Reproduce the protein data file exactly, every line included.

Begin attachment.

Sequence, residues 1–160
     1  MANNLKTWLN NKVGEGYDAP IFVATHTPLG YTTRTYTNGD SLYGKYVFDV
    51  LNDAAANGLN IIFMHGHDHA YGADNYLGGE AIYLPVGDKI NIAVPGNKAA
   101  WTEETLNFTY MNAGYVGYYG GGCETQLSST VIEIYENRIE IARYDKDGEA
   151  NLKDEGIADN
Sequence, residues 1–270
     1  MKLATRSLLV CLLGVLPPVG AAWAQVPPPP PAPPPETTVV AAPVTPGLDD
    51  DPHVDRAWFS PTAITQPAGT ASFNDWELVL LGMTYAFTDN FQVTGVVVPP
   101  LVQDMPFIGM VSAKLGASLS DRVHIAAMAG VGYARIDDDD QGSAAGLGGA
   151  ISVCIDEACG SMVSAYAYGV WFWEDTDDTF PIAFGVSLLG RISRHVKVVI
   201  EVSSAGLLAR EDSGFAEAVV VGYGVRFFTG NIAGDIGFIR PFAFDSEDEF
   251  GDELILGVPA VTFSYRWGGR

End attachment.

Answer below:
Sequence, residues 1–160
     1  MANNLKTWLN NKVGEGYDAP IFVATHTPLG YTTRTYTNGD SLYGKYVFDV
    51  LNDAAANGLN IIFMHGHDHA YGADNYLGGE AIYLPVGDKI NIAVPGNKAA
   101  WTEETLNFTY MNAGYVGYYG GGCETQLSST VIEIYENRIE IARYDKDGEA
   151  NLKDEGIADN
Sequence, residues 1–270
     1  MKLATRSLLV CLLGVLPPVG AAWAQVPPPP PAPPPETTVV AAPVTPGLDD
    51  DPHVDRAWFS PTAITQPAGT ASFNDWELVL LGMTYAFTDN FQVTGVVVPP
   101  LVQDMPFIGM VSAKLGASLS DRVHIAAMAG VGYARIDDDD QGSAAGLGGA
   151  ISVCIDEACG SMVSAYAYGV WFWEDTDDTF PIAFGVSLLG RISRHVKVVI
   201  EVSSAGLLAR EDSGFAEAVV VGYGVRFFTG NIAGDIGFIR PFAFDSEDEF
   251  GDELILGVPA VTFSYRWGGR